Continuous and non-invasive respiratory rate (RR) monitoring would significantly improve patient outcomes. Currently, RR is under-recorded in clinical environments and is often measured by manually counting breaths. In this work, we investigate the use of respiratory signal quality quantification and several neural network (NN) structures for improved RR estimation. We extract respiratory modulation signals from the electrocardiogram (ECG) and photoplethysmogram (PPG) signals, and calculate a possible RR from each extracted signal. We develop a straightforward and efficient respiratory quality index (RQI) scheme that determines the quality of each moonddulation-extracted respiration signal. We then develop NNs for the estimation of RR, using estimated RRs and their corresponding quality index as input features. We determine that calculating RQIs for modulation-extracted RRs decreased the mean absolute error (MAE) of our NNs by up to 38.17%. When trained and tested using 60-sec waveform segments, the proposed scheme achieved an MAE of 0.638 breaths per minute. Based on these results, our scheme could be readily implemented into non-invasive wearable devices for continuous RR measurement in many healthcare applications.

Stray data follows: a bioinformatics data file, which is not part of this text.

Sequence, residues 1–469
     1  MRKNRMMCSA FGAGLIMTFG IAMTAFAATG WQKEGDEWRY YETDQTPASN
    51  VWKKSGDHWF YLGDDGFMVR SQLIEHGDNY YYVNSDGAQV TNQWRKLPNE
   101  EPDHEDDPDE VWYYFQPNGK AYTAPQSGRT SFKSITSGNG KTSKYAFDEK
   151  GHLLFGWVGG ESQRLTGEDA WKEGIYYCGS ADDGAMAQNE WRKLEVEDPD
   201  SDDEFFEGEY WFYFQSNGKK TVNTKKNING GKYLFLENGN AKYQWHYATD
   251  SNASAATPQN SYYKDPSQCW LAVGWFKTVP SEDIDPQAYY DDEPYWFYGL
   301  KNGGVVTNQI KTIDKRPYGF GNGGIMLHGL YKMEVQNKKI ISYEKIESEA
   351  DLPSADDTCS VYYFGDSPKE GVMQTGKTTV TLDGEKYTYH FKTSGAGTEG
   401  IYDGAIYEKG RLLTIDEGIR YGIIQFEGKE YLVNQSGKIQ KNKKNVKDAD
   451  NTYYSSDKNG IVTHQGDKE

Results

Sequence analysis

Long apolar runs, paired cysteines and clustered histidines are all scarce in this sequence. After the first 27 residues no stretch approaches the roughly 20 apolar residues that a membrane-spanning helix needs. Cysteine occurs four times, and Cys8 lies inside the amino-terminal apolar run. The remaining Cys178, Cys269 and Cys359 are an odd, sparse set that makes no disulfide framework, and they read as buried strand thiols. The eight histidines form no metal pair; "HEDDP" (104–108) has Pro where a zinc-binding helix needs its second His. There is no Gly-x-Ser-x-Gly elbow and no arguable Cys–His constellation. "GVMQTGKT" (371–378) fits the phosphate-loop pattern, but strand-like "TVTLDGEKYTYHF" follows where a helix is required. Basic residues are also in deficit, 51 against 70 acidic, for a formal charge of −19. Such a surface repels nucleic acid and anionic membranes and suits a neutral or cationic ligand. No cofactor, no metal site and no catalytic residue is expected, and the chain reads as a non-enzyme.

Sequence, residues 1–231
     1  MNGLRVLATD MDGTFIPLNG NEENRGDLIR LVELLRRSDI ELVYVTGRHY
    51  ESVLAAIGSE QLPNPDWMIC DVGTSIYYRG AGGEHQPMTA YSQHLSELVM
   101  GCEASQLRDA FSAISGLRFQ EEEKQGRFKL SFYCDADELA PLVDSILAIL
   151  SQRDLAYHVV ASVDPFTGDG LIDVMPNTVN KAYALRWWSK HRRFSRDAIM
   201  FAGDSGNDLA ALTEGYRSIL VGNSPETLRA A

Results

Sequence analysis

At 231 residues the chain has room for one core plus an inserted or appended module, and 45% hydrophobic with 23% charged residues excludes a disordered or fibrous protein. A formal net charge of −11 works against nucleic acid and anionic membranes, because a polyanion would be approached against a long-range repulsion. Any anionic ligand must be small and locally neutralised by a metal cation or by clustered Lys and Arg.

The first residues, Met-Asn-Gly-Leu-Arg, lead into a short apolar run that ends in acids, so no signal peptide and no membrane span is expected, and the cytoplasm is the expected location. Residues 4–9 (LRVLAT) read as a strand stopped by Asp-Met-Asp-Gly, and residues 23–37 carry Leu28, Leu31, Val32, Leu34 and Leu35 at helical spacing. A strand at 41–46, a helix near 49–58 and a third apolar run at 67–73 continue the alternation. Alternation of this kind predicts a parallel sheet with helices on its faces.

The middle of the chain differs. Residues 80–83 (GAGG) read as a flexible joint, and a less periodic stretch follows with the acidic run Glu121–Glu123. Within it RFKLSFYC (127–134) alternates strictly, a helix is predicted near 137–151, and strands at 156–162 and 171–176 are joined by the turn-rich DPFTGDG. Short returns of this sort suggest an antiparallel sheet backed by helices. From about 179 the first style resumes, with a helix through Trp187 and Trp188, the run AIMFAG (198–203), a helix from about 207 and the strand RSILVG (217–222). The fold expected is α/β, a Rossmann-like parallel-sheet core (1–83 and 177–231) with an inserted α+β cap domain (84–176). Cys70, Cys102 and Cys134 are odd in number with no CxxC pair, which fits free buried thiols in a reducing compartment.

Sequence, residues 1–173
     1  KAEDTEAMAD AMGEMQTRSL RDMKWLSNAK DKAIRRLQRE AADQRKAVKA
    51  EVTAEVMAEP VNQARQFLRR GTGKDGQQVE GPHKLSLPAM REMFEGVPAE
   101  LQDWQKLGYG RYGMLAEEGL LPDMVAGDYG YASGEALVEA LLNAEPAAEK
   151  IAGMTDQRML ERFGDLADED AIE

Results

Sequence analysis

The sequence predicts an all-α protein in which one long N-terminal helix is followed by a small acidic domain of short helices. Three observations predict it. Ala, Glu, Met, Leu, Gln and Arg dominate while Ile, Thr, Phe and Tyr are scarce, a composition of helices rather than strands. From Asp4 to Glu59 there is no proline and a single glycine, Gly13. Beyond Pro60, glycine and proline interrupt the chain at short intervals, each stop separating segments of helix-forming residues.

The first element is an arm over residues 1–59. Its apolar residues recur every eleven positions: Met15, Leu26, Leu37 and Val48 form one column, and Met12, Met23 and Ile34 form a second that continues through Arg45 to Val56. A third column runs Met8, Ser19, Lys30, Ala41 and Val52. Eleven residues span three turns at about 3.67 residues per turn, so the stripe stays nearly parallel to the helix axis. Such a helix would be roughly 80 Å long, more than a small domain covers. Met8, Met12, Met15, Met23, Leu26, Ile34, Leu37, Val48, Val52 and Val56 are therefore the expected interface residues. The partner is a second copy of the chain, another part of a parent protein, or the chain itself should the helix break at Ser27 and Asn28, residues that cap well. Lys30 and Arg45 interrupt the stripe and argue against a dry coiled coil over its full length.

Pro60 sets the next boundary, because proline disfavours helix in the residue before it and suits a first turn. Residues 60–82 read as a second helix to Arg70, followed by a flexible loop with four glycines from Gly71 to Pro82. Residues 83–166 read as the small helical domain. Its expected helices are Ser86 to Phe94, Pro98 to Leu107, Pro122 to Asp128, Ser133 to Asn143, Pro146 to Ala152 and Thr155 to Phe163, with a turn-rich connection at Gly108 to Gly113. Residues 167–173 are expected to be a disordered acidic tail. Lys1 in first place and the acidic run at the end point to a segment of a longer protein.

Tucker, Robert, Khatamifar, Mehdi, Lin, Wenxian, and McDonald, Kyle (2021) Experimental investigation of orientation and geometry effect on additive manufactured aluminium LED heat sinks under natural convection. Thermal Science and Engineering Progress, 23. 100918.